And that’s how she meets Mary Carlson, the ultimate temptation. Even though Jo knows this girl is completely off-limits, she just can’t get her out of her mind. But Jo couldn’t possibly think of breaking her promise to her dad. Even if Jo’s starting to fall for Mary Carlson. Even if there’s a chance Mary Carlson might be interested in her, too. Right?

Lord, have mercy.

Jo’s in for one hell of a year.

🏳️‍🌈 – Pride Month Read #3


Trigger warning: homophobia, ableism.

This is one of the books that I’m kinda…meh about. It was on my TBR for a while, and then I decided to pick it up for Pride Month because why not?

Now, the lesbian rep was great. I found the relationship between Jo and Mary cute—it wasn’t too fast, they had their meaningful moments, and they generally supported each other.

The one thing I didn’t like about their romance was the conflict itself. It seemed to spring up from nowhere. The reason Jo and Mary even have these difficulties between them is because Mary keeps trying to force Jo out of the closet (which Jo can’t do because her father told her not to for the sake of his new wife’s homophobic family apparently; also, don’t force someone to out themselves!), which causes Jo to keep unnecessarily lying to her, while fully aware of the fact that Mary hates being lied to.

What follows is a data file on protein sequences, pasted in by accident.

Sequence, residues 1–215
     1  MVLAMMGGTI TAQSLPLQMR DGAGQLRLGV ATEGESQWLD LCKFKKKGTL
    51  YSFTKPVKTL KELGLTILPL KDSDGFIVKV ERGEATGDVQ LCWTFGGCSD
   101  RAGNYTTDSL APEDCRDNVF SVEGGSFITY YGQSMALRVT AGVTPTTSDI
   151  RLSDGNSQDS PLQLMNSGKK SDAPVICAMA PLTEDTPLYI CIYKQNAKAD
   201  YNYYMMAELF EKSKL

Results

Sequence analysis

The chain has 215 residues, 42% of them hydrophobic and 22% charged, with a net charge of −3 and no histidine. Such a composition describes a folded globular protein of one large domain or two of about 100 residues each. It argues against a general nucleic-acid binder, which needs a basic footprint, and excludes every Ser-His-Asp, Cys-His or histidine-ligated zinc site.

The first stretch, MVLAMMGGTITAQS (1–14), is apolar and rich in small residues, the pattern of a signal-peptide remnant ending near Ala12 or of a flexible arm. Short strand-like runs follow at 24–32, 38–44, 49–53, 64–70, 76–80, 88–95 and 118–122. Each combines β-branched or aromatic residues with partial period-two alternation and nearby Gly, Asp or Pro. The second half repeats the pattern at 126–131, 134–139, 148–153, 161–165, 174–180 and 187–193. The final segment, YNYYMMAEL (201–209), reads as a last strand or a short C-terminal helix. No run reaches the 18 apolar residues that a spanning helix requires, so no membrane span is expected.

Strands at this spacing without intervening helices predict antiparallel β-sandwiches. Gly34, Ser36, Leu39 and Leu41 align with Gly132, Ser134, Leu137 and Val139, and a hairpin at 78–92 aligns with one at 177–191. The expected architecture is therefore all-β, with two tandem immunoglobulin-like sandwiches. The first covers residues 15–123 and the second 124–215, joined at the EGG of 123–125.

I was just confused throughout this because a lot of tension and drama could have been avoided had Jo simply sat Mary down and told her everything. Simple communication could have solved her problem, or at least avoided the consequences of her lying.

This book, however, does tackle homophobia, so that gives it plus points. Joanna faces her fears and stands up to her homophobic family—including other jerks—which I found empowering.

Other than those little good tidbits here and there, everything else was average. The plot was predictable: girl meets girl, girl likes girl, girl and girl get in relationship, conflict, self-reflection, resolution, happily ever after. It’s like every other YA contemporary out there.

But my main problem is with the way B.T.B., Mary’s intellectually-disabled twin, was treated. This book does not rep intellectually-disabled people well. There are a bunch of reviews that can explain this better than I do, like Natasha’s. (I do recommend you check it out, it’s very eye-opening feedback.)